Freelancer Files Web Property Suit Against Boston Globe

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One of the emerging legal controversies regarding intellectual property and the Internet came to the surface yesterday when freelance writers, photographers and illustrators filed a class action lawsuit against The Boston Globe Newspaper Co.


According to a prepared statement released on behalf of plaintiff Bill Marx, the lawsuit stems from The Globe asking its freelancers to sign an agreement that permits the news organization to republish their content across any medium, while the contributing professional yields copyrights for future sales of such contributed content. Marx, who has contributed freelance book criticism pieces to The Globe, said that the newspaper threatened never to hire his services again if he didn't sign the pact.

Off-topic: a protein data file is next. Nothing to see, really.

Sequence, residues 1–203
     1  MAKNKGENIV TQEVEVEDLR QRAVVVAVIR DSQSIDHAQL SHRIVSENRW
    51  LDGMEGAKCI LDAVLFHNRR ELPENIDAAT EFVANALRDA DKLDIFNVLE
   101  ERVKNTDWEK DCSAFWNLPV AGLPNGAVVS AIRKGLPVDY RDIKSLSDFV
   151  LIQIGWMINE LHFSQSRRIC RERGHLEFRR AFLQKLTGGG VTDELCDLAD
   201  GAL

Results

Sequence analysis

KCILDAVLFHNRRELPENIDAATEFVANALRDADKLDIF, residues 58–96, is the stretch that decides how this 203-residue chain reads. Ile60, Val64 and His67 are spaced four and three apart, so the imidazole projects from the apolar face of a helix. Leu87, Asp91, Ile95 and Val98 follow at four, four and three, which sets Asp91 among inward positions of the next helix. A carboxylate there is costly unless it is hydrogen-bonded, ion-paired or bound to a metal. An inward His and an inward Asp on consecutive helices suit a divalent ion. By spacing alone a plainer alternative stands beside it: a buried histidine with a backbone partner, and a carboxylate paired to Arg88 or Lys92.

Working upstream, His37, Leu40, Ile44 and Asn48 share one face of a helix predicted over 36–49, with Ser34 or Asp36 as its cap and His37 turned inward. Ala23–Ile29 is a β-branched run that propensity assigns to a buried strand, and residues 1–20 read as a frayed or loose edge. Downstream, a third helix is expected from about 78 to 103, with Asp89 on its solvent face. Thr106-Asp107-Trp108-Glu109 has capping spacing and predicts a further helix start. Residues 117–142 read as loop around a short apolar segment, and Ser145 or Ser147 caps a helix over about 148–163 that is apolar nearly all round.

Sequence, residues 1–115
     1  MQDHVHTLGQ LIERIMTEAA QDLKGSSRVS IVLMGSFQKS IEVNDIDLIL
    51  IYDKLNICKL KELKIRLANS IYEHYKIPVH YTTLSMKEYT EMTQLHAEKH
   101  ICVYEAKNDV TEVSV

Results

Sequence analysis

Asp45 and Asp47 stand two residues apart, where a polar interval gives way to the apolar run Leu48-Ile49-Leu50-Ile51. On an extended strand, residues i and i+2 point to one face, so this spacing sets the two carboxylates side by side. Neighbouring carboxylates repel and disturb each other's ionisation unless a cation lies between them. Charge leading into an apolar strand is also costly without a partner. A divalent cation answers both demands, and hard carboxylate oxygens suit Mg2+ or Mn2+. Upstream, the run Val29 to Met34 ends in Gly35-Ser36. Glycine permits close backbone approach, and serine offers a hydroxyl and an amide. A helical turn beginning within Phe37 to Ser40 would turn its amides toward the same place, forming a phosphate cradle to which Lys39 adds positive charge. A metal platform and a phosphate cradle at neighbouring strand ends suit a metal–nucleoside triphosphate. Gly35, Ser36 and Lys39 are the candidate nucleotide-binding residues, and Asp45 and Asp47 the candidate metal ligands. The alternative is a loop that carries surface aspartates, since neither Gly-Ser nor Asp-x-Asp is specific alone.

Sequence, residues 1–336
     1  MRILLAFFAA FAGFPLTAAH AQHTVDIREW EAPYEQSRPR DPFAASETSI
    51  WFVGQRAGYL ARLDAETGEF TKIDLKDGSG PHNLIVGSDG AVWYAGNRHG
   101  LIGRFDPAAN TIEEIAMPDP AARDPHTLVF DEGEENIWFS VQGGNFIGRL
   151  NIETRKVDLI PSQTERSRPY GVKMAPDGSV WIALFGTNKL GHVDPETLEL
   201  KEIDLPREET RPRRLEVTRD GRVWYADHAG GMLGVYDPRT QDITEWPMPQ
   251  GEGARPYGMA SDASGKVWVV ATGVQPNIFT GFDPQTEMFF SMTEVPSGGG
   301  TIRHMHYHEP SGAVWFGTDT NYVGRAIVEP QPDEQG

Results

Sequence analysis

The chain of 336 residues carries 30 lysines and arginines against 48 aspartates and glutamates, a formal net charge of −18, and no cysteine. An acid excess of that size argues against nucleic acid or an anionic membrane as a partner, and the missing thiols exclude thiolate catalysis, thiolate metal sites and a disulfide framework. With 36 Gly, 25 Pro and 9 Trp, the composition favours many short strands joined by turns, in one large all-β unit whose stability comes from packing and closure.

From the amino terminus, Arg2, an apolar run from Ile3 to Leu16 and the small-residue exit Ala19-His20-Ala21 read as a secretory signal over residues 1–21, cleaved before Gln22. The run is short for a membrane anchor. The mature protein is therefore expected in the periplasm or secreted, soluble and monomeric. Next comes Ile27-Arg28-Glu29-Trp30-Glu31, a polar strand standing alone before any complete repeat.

The meat of the debate lies in The Globe's rights, through its freelance contracts, to sell archived material online indefinitely for a sum a money per article without compensating the person who submitted the work. Currently, the newspaper's stories are being sold for approximately $2 to $4 at Boston.com.


The legal action is Marx et. al. v. The Globe Newspaper Co. The argument will likely rest on Massachusetts statutes that prohibit deceptive and coercive business practices. The National Writers Union, the Graphic Artists Guild and the American Society of Media Photographers are backing Marx in the case.


The Boston Globe was unavailable to respond to the lawsuit. It hasn't been announced when the lawsuit will go to court.
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